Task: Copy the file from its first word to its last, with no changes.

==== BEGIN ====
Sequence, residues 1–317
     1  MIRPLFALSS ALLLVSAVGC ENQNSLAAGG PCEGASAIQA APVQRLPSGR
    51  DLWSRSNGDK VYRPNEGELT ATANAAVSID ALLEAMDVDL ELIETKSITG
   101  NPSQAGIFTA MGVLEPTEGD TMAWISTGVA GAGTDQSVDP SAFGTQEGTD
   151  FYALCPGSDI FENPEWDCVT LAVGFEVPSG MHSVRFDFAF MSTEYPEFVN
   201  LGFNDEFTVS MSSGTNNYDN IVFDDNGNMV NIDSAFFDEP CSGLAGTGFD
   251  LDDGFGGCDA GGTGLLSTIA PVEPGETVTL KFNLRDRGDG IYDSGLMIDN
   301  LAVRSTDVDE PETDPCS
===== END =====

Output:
Sequence, residues 1–317
     1  MIRPLFALSS ALLLVSAVGC ENQNSLAAGG PCEGASAIQA APVQRLPSGR
    51  DLWSRSNGDK VYRPNEGELT ATANAAVSID ALLEAMDVDL ELIETKSITG
   101  NPSQAGIFTA MGVLEPTEGD TMAWISTGVA GAGTDQSVDP SAFGTQEGTD
   151  FYALCPGSDI FENPEWDCVT LAVGFEVPSG MHSVRFDFAF MSTEYPEFVN
   201  LGFNDEFTVS MSSGTNNYDN IVFDDNGNMV NIDSAFFDEP CSGLAGTGFD
   251  LDDGFGGCDA GGTGLLSTIA PVEPGETVTL KFNLRDRGDG IYDSGLMIDN
   301  LAVRSTDVDE PETDPCS